But we do know of his dad from comments made by others, scattered pieces of a puzzle. Gail tells James to write down his thoughts because he has not dealt with issues between him and his father that he had mentioned. While rejecting the sloppily dressed young man at a formal job interview at New York Magazine, a family friend and editor tells him that, in the writing sample this wannabe author has submitted (in lazy longhand) he succeeds in finding his father’s voice. Isolated clues, but who his father was and how he affected his son remain unanswered queries. We do get the sense, however, that James may be competing with his father’s legacy — and we’re not even sure what that is.
Visually, James is at the center of this widescreen movie, frequently with lots of empty space surrounding him. He is often shown, symmetrically, in close-up, whether he is still, or genius DP Mátyás Erdély (Miss Bala) is filming the fast-moving young man in a lengthy forward or reverse tracking shot. None of this is simple in mostly handheld camera work. He occupies the middle thematically as well, judging by the title and Abbott’s fierce presence as the troubled son. Yet the underplaying Nixon, as she often does by virtue of her special talent, unconsciously takes some of the viewer’s attention away from the actor. Her gestures, language, and movements are brilliantly nuanced. No matter what else is going on, we must look at Gail.
Only one other person has value for the misanthropic James: his best friend, Nick (actor/musician Scott Mescudi, aka Kid Cudi, who composed the film’s score), who, in a sign of cinematic progress, just happens to be gay, as he just happens to be black. The two are so close that some kissing scenes were shot but later excised. Each has the other’s back at all times. James, as would be expected, tries to take advantage of a friend as selflessly devoted as Nick as much as he can, but the latter has enough sense of self to deal with it.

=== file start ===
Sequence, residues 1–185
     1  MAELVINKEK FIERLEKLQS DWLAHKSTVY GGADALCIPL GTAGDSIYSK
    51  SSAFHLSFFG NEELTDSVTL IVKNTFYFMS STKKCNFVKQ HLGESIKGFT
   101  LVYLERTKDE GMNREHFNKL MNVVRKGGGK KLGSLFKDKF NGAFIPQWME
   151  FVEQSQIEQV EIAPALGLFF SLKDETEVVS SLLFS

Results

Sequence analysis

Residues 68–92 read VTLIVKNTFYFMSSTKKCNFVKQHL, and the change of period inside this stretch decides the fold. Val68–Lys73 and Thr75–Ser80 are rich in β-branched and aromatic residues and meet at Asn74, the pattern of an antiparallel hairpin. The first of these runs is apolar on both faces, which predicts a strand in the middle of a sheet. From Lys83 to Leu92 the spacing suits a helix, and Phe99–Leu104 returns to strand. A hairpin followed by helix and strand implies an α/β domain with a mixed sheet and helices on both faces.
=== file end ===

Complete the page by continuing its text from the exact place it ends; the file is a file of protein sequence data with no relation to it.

We see Nick matter-of-factly cruising other guys, and inviting young men to share their hotel room while Gail has gone into hospice care. The two buddies get into a bar brawl, precipitated when James calls a female customer a “cunt” for talking too loud: another episode celebrating the dark humor in unseemly excess. Nick resists stale stereotypes: During the fight, he pummels the bartender in the face multiple times. No sissy, he. (This could be construed as condoning violence were it not for the well documented history of frightened, effeminate queens in film.) But he is more than anything a nice guy, and the only person besides Gail who has any influence on James when he goes too far overboard, or on a bender — like during an extended breakdown masterfully shot in the hotel room in one continuous take. Nick, Gail, and James form a family of three, one of the various reconstituted units that have replaced the anachronistic nuclear-family model.
In spite of his unsettling behavior, James, half animal, half imp, comes off less a monster than a spoiled charmer–thanks to the twinkle in Abbott’s eyes, our identification with Gail’s unswervingly loving point of view, and our own tendency to root for someone who appears unable to beat the obstacles life places in their path. While on a trip with Nick to the resort of Tulum in Mexico (“You’re always taking breaks,” Gail says in her sweet idea of a reprimanding tone), James meets, and in his unique way gets under the skin of, a young (underage) New Yorker, Jayne (Makenzie Leigh). They begin an affair, which Mond thoroughly deromanticizes. (In one scene that undermines any sense of intimacy, she jerks him off in the shower while the distended young man faces forward.) Once they return to New York and extra duty for Gail, he holds back on the charm and simply ignores her. The guy has no patience for anyone or anything. How could he maintain a relationship? Besides, his heart belongs to Mommy.
The deaths of his parents could end up freeing James from the prison of some stage of early childhood where he is stuck. Gail notes at one point that there will not be much insurance money for him. Whether from economic necessity or lessons learned during the intense recent months, he has little option but to transform himself and unearth the merits of adapting. Death is final, but survivors have to process their loss. In James’s case, he could end up incorporating some gain.